That review's a bit harsh, but mostly correct. Reggae Heritage is not a great example of writing, but if you can look beyond that and some of his opinions and agenda you do get an account of a crucial piece of sound system history that hasn't been written about in much detail but is of great interest. If he didn't write it, perhaps nobody would have, and the information would have been lost.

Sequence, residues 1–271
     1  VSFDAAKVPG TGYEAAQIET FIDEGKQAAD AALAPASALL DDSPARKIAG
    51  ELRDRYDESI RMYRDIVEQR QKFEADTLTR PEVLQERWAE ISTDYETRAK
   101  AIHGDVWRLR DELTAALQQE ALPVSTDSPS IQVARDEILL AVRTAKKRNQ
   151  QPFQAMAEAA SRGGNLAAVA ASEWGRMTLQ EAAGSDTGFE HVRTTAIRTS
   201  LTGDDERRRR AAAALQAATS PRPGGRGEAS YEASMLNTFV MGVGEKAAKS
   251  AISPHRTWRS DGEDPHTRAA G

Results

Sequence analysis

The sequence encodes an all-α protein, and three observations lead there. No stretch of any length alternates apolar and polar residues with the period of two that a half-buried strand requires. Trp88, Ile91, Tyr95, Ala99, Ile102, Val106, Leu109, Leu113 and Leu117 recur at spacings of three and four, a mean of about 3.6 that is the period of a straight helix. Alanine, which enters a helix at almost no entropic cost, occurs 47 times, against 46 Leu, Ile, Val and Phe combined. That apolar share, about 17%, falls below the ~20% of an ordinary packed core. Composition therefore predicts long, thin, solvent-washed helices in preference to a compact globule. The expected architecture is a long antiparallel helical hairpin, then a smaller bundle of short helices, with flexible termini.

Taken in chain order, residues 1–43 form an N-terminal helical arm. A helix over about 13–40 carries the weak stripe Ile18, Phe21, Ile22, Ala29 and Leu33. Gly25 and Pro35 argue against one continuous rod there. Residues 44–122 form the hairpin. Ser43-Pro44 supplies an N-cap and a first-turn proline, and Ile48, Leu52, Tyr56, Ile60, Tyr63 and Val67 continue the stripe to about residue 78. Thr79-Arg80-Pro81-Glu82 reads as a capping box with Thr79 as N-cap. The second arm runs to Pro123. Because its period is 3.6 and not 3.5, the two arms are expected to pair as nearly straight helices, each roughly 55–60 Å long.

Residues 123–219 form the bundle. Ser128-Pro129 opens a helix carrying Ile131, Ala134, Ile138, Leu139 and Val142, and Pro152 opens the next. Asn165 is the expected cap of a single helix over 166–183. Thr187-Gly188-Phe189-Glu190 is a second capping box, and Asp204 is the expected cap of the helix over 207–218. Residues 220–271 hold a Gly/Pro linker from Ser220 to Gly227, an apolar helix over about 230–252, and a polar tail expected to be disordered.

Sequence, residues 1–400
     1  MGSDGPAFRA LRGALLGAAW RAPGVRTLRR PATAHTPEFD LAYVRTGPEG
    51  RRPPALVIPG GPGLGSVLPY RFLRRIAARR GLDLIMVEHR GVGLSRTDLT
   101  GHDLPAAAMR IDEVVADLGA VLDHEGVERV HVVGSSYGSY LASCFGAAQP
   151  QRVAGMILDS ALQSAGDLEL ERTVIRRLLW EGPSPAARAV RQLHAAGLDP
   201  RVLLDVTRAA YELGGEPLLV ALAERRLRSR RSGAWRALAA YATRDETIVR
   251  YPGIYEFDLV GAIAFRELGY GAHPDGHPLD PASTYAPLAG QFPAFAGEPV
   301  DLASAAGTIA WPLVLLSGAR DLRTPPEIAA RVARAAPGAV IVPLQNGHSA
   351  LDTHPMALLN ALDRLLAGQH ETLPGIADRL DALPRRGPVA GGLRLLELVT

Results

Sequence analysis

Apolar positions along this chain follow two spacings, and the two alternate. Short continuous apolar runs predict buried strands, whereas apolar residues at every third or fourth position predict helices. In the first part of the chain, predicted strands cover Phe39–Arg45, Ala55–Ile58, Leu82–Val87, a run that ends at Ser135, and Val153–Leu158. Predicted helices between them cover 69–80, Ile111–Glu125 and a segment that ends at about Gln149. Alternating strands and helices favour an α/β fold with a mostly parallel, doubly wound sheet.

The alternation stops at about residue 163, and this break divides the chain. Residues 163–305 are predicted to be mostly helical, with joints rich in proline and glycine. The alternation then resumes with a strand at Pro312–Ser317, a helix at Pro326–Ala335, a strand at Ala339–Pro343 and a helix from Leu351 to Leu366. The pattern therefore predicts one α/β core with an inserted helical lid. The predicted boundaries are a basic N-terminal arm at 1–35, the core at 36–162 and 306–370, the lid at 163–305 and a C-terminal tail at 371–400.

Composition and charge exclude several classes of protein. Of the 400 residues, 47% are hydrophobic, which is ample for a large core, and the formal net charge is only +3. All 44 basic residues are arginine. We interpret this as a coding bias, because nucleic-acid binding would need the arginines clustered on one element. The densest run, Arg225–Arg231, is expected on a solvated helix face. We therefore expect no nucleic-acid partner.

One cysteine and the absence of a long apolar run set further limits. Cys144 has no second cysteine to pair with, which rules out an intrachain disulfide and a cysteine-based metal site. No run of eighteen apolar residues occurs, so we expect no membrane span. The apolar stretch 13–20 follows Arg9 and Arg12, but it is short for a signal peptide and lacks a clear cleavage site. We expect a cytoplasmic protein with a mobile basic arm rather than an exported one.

I can't stand the style of most reggae history writing, but as with this one, even if you don't like all he has to say, he was there, and has as much right to have his say as anyone else. Most history is written by people who did not have first hand experience of the subject they're writing about, so any details from the people who took part or witnessed it are to be cherished.
I'm looking forward to reading the Studio 1 book. Bits of it will annoy me, but I'm sure I'll get something from it.